Driven by the Covid-19 crisis, the strategy will include a direct focus on providing 25 million women entrepreneurs with solutions that can help them grow their businesses.
“If we’re going to recover in any sort of long-term, sustainable way, we have to make sure that everyone is included. Getting people access to the digital economy is a critical part of that,” says Ajay Banga, chief executive officer at Mastercard. “This is an opportunity to develop commercially-sustainable and scalable social impact with government and private sector partners - and to do it in a way that helps society-at-large thrive.”
The new commitment is an extension of Mastercard’s pledge in 2015 to bring 500 million excluded people into the financial system.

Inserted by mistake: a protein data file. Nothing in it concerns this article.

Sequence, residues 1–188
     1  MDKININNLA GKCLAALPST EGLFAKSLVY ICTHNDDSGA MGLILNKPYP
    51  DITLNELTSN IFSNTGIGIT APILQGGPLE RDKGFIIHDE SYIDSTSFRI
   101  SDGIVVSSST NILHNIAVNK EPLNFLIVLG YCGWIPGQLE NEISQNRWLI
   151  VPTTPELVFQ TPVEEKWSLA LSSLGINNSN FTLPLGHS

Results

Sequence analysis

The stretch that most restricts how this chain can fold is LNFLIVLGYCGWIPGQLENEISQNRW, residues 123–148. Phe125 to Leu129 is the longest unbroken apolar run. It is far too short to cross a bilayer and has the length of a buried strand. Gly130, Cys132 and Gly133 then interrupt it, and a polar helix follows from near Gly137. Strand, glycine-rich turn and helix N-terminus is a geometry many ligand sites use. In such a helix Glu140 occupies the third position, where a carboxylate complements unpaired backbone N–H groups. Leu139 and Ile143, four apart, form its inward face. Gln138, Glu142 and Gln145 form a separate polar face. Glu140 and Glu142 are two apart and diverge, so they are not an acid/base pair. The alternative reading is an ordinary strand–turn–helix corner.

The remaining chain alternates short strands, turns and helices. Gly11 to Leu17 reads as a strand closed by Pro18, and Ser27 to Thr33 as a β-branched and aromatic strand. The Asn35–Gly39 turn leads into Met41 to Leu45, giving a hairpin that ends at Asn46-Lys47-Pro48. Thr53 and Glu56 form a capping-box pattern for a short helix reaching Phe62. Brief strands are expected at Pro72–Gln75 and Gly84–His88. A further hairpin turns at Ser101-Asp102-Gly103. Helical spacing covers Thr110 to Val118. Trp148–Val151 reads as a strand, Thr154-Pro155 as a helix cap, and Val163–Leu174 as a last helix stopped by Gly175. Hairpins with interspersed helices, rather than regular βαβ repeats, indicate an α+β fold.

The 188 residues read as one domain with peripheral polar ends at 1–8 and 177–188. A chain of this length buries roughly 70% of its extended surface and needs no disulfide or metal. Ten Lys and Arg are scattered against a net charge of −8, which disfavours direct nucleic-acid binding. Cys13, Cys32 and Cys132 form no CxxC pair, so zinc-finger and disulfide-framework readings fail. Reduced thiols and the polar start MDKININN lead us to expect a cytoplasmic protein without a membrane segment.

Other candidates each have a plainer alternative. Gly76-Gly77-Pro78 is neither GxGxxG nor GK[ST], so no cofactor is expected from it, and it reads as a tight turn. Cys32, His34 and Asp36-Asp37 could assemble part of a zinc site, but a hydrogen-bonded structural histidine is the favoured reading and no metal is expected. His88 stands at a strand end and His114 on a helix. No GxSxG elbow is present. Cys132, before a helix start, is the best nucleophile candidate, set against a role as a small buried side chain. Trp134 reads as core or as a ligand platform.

Reaching the one billion goal will require an broad push across a range of fronts, including ongoing work on government disbursements, wage digitization of private sector workers, partnerships with mobile network operators, solutions for gig workers, scaling efforts with fintechs, digital platforms and digital wallets/apps and tech that addresses needs of the financially vulnerable.
Klaus Schwab, founder and executive chairman, World Economic Forum, comments: “Achieving greater financial inclusion for individuals and small businesses into the digital economy requires collaboration and unique partnerships across sectors and geographies. As companies like Mastercard extend their financial inclusion commitment, society must adapt to meet the evolving needs of everyone in the global marketplace.”